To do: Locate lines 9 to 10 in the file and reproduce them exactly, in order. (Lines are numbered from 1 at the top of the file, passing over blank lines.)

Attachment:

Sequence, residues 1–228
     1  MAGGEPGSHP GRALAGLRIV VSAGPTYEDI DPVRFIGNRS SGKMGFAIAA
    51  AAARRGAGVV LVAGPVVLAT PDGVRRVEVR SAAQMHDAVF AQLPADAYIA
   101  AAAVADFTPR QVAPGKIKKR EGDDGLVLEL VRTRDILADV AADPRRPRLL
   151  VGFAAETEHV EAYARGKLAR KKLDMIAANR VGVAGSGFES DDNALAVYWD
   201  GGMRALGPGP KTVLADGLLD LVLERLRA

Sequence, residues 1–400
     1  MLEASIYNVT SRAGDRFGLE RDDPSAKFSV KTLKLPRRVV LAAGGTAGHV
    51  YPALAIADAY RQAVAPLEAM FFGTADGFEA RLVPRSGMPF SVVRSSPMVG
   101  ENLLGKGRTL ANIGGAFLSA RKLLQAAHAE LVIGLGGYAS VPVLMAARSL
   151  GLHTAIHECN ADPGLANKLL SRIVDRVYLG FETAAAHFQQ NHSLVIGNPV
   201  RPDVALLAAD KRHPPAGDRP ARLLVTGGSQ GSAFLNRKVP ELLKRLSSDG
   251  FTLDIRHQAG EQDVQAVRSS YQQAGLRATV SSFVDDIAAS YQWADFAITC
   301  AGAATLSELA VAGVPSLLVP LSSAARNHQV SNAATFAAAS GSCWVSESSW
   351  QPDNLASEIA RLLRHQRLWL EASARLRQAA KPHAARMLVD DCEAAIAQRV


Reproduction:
    51  YPALAIADAY RQAVAPLEAM FFGTADGFEA RLVPRSGMPF SVVRSSPMVG
   101  ENLLGKGRTL ANIGGAFLSA RKLLQAAHAE LVIGLGGYAS VPVLMAARSL